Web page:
By Kanishka Singh
(Reuters) – A semi-truck carrying thousands of gallons of a toxic substance crashed in southern Illinois, and the multi-vehicle accident killed five people and left five seriously injured, officials said on Saturday.
The truck was carrying about 7,500 gallons of anhydrous ammonia when it crashed late Friday near the city of Teutopolis in Effingham County, located about 105 miles northeast of St. Louis. Early estimates indicated that 4,000 gallons were spilled, leading to about 500 people being evacuated from the area, the Illinois Environmental Protection Agency said.
The fatalities included two children younger than 12, and three of those killed were from the same family, the Effingham County Coroner’s office added. Five people were airlifted to local hospitals with injuries.
The accident led to an evacuation within a mile’s radius of the crash due to the plume from ammonia leak, state police said.
The U.S. National Transportation Safety Board said it will review the incident, which occurred about a half-mile east of Teutopolis on U.S. Highway 40.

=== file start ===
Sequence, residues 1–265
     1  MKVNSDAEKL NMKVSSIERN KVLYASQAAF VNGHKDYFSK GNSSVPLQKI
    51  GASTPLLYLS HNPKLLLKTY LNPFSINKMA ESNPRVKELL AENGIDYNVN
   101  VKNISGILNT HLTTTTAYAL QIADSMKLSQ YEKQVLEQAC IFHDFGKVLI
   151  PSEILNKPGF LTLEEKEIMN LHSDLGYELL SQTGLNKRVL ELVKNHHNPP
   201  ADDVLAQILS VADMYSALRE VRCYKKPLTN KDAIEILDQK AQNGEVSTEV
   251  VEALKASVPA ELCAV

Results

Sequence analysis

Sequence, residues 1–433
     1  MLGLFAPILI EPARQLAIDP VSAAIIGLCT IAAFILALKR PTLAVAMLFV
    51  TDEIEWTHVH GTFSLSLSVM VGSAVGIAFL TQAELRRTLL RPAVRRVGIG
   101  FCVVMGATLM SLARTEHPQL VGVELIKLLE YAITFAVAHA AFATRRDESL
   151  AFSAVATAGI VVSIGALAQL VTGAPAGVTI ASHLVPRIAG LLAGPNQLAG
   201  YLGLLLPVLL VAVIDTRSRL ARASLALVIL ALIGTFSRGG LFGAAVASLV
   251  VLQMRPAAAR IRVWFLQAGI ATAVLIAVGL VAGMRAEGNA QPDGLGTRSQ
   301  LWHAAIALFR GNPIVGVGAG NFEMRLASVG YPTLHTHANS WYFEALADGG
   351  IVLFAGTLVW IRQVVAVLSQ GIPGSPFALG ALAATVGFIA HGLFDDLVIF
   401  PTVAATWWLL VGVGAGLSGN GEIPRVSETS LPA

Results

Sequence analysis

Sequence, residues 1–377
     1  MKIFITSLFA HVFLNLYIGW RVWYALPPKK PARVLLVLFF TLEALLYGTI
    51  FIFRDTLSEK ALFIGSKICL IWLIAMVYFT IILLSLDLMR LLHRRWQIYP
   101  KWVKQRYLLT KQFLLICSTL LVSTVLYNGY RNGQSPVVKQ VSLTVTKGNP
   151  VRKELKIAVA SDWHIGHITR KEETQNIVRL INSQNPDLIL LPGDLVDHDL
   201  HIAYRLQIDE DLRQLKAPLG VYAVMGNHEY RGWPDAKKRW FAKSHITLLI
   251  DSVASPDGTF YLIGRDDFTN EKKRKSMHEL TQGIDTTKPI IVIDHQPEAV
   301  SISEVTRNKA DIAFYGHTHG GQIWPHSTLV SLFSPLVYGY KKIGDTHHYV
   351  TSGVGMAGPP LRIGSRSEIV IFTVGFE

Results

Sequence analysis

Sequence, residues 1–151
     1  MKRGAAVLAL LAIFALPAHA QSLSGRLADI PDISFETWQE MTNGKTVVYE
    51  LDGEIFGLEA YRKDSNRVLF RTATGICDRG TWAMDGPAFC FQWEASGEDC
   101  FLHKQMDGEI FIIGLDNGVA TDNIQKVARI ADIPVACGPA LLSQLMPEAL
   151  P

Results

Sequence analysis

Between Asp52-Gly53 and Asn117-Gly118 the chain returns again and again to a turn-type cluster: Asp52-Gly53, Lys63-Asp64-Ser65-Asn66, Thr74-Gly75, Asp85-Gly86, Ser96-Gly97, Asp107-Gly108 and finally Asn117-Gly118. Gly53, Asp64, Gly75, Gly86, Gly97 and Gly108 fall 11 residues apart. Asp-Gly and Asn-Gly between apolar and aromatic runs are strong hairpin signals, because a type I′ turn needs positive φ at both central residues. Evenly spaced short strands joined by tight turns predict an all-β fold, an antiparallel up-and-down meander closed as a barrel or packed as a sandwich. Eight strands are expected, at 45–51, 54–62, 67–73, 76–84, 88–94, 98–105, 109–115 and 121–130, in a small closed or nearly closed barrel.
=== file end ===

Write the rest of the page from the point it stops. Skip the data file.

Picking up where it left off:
Illinois State Police said it was notified about the crash “involving multiple vehicles, including a semi-truck that is leaking anhydrous ammonia.”
Ammonia is not, strictly speaking, a poison and repeated exposure produces no chronic effects on the human body, according to the Occupational Safety and Health Administration. However, even in small concentrations in the air it can be extremely irritating to the eyes, throat, and breathing passages, according to OSHA. Very high levels may damage lungs.
A CBS-TV station report said the leak has been partially patched.
(Reporting by Kanishka Singh in Washington; Editing by Leslie Adler)
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